In Monday’s post, I reviewed the major factors that contribute to an index fund’s tracking error. Here are some other things to consider when you’re comparing your fund’s performance to that of its benchmark. These can cause tracking errors to seem unusually large or small, but they need to be understood in context.

Changes to the index. A number of ETFs changed their benchmark index during 2012, including some core equity funds from BMO and Vanguard. When there is an index change in the middle of the year, measuring tracking error becomes difficult and the numbers can be misleading. Until late September, the BMO S&P 500 Hedged to CAD (ZUE) held just 100 large-cap stocks selected using a different methodology. ZUE ended up lagging the S&P 500 by less than its management fee, which is normally an excellent result, but in this case it was a fluke.

A small number of ETFs in Canada are not tied to any third-party benchmark. The BMO Canadian Dividend (ZDV), for example, includes 30 stocks selected using an in-house methodology. In cases like this, there’s not much you can do other than compare the fund’s performance to other Canadian dividend ETFs, or perhaps to a broad market index such as the S&P/TSX Composite. Even then, this will only be meaningful over multi-year periods.

Differences between market price and NAV. Last month I explained how an ETF’s market price can differ from its net asset value (NAV). In most cases, tracking error is measured by comparing the index return to the fund’s NAV. But things get complicated when a Canadian ETF holds an underlying US-listed ETF, a structure that’s common at iShares and Vanguard. Now you’ve got two different ETFs with two different NAVs and two different market prices.

Most of the large tracking error in the Vanguard MSCI U.S. Broad Market (VUS) was likely the result of currency hedging, but its annual report also cites “differences between the market price and net asset value of the underlying US domiciled Vanguard funds in which the ETF invests.” Don’t be concerned about this sort of tracking error: it’s a short-term anomaly that would disappear if you used different start and end dates.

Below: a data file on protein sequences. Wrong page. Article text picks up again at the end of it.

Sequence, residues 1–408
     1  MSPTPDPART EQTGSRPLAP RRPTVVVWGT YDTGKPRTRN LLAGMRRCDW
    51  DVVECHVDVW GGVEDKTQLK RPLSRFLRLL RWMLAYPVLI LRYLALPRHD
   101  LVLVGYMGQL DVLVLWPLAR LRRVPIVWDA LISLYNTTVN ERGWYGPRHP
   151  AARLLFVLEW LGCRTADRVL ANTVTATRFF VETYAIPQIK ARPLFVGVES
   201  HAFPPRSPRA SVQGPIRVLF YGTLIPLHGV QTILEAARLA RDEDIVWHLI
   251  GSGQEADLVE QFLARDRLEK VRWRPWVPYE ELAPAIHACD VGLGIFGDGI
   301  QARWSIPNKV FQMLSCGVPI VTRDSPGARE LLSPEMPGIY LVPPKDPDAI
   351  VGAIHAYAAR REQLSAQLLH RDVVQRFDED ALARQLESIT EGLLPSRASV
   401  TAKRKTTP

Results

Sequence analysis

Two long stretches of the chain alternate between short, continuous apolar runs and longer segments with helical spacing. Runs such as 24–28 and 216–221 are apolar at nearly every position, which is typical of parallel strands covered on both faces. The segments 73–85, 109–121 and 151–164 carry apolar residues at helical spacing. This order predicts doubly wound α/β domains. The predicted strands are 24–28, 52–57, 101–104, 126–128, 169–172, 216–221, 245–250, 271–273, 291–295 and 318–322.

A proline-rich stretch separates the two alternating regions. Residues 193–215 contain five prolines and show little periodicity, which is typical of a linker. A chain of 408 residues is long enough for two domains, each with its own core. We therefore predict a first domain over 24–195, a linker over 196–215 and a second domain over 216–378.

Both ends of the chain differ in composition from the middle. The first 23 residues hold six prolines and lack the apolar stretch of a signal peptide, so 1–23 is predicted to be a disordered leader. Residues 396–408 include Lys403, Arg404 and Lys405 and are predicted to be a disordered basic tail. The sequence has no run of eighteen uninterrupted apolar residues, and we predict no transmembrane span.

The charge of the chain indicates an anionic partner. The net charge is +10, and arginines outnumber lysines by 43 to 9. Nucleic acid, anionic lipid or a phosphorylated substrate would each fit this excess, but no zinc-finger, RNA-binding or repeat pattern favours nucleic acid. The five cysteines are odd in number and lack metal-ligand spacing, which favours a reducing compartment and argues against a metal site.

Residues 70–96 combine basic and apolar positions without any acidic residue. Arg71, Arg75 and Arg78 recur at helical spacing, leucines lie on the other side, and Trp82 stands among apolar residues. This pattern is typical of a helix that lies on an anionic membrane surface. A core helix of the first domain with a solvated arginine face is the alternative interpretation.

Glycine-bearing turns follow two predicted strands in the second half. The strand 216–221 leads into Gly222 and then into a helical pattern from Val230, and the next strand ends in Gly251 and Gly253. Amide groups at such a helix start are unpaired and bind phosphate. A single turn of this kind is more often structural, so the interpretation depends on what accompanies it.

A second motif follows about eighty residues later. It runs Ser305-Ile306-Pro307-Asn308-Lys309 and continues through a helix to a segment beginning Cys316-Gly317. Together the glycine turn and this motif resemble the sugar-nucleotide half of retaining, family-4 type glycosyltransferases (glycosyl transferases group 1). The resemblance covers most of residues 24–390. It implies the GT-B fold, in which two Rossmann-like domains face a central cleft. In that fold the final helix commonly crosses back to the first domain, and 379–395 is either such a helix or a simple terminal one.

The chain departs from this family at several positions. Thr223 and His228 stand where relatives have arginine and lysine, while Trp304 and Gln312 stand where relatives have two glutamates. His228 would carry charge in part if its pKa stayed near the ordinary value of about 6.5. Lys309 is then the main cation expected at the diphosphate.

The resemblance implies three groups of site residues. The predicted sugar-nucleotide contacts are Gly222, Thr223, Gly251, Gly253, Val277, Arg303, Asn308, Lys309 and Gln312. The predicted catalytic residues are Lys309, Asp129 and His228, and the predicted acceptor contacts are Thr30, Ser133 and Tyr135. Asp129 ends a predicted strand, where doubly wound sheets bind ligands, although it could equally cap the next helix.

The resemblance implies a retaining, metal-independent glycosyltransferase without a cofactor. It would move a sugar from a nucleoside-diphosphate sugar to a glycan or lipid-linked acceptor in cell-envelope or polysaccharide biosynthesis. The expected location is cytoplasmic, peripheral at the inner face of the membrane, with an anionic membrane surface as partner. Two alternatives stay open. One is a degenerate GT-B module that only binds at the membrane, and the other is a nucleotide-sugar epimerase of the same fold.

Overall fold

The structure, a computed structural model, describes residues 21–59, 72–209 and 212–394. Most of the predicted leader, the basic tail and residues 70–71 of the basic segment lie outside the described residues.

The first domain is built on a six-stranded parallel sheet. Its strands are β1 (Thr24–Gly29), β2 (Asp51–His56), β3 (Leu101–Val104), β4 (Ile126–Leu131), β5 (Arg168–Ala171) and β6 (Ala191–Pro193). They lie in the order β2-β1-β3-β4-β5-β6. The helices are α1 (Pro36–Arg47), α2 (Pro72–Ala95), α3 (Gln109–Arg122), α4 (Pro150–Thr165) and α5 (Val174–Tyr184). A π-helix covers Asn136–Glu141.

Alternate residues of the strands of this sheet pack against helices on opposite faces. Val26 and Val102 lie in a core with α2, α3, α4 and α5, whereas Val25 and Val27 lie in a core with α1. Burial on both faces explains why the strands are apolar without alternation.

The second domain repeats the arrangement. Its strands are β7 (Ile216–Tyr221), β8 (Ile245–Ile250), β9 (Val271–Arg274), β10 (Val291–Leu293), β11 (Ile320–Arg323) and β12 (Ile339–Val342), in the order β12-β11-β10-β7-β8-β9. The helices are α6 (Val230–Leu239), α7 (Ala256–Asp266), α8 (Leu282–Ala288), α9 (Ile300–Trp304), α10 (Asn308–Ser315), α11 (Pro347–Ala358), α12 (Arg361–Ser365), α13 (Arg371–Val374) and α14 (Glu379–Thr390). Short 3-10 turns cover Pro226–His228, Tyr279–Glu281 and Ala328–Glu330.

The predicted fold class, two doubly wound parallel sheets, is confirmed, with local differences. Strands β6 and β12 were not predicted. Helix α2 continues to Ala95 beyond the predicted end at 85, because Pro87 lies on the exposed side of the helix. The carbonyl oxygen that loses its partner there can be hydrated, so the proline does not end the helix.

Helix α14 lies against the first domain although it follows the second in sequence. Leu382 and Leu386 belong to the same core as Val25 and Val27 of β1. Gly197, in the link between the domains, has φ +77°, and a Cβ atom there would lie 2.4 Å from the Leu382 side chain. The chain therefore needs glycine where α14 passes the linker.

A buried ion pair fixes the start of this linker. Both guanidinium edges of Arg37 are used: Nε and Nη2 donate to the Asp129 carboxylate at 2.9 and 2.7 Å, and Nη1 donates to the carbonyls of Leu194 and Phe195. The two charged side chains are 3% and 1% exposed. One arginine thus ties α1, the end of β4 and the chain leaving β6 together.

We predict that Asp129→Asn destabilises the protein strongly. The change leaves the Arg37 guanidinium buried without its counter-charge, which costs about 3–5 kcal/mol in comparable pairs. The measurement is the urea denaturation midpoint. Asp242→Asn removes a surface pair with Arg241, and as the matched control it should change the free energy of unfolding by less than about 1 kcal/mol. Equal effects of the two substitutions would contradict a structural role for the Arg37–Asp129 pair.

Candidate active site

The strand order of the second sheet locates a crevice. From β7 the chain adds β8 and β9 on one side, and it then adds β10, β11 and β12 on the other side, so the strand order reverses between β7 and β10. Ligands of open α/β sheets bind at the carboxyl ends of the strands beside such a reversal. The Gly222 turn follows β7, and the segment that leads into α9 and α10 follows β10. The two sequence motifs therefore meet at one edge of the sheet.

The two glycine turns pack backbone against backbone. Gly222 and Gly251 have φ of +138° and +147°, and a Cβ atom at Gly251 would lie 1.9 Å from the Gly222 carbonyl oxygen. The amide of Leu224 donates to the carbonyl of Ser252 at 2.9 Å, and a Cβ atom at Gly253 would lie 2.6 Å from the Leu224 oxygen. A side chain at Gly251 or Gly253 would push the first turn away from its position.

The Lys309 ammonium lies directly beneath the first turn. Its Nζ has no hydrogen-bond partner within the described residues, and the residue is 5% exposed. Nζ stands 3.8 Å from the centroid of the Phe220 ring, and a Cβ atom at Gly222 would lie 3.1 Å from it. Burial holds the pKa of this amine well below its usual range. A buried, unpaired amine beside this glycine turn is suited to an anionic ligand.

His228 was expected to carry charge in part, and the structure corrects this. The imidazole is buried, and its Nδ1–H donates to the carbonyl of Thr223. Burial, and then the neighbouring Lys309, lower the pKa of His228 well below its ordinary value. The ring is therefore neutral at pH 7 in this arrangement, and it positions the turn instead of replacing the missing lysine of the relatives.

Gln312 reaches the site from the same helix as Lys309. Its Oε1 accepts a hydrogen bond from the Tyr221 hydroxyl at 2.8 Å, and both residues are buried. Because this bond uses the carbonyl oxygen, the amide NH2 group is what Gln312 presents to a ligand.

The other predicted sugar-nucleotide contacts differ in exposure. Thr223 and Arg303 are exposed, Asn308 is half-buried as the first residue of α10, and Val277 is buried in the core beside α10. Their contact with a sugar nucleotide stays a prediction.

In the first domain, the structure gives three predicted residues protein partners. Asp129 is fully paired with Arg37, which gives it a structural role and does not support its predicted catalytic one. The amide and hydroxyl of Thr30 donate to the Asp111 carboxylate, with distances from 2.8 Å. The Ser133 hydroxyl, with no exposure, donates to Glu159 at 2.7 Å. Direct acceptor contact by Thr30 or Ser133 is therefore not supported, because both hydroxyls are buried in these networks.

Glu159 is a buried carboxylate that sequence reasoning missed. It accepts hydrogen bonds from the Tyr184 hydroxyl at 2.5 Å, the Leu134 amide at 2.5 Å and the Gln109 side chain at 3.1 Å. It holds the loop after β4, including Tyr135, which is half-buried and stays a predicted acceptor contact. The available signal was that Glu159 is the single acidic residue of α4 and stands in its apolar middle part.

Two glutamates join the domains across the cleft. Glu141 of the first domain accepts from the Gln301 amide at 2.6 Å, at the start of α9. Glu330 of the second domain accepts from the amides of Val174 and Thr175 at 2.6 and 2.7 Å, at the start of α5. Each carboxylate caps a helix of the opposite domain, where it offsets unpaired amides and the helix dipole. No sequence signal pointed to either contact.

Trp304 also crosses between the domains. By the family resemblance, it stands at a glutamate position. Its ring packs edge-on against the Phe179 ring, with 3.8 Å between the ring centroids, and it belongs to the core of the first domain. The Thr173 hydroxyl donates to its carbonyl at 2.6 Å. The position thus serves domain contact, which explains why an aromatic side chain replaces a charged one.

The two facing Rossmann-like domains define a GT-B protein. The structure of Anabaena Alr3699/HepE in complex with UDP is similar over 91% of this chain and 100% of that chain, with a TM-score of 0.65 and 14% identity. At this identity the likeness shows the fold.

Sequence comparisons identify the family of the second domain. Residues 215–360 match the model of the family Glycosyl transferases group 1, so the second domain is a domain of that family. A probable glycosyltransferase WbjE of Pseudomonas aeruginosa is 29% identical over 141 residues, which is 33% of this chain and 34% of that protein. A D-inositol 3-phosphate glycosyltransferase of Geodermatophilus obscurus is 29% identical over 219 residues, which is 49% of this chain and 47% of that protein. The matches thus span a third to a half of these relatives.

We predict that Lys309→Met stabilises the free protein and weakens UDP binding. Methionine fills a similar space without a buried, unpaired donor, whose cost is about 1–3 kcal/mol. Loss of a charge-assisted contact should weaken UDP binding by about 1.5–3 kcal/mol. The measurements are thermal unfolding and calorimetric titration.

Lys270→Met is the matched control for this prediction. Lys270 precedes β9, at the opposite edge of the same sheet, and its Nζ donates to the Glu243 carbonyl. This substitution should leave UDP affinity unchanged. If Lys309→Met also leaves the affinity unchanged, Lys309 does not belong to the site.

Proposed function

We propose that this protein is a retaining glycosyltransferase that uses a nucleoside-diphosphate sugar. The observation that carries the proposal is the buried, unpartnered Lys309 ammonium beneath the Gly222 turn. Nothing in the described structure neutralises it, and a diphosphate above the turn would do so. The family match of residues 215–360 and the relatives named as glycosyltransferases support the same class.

Fair value pricing. One of the reasons an international equity ETF’s market price and NAV can diverge is time zone differences, as I explained in a recent post. This same phenomenon can also cause the ETF’s tracking error to appear unusually large, something I first wrote about back in 2010. Vanguard uses a technique called fair value pricing to correct for some of these distortions, and this idea is described in the most recent annual report for its emerging markets ETF (VEE):

The ETF’s management fees subtracted 0.54 percentage points from the fund’s performance. Other factors, such as security selection and fair-value pricing, added back 0.46 percentage points. Fair-value pricing is a policy intended to address pricing discrepancies that may arise because of time-zone differences among global stock markets. This policy ensures that the ETF’s net asset value doesn’t include “stale” prices from markets that close before the U.S. stock market.

The key point here is that if your ETF happened to show a large tracking error recently, that’s not necessarily a reason to abandon it. It’s critical to check the fund’s Management Report of Fund Performance to determine the explanation. As with so many investing decisions, tracking error should be considered with a focus on the long-term.